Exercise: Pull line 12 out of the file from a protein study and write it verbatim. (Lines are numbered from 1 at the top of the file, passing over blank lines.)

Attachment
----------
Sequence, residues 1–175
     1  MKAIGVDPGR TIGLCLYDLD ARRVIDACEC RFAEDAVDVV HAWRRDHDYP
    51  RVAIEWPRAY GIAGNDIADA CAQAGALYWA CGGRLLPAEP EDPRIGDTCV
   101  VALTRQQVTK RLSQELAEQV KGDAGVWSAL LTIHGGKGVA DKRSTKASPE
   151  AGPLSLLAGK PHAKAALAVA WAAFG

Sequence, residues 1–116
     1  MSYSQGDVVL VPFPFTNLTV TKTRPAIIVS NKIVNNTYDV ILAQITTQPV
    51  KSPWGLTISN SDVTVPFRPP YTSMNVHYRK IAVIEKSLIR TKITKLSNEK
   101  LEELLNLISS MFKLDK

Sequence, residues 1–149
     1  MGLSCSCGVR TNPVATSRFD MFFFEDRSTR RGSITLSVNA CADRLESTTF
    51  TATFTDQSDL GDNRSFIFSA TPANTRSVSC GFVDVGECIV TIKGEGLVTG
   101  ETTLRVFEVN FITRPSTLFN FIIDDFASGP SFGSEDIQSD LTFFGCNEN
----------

    51  TATFTDQSDL GDNRSFIFSA TPANTRSVSC GFVDVGECIV TIKGEGLVTG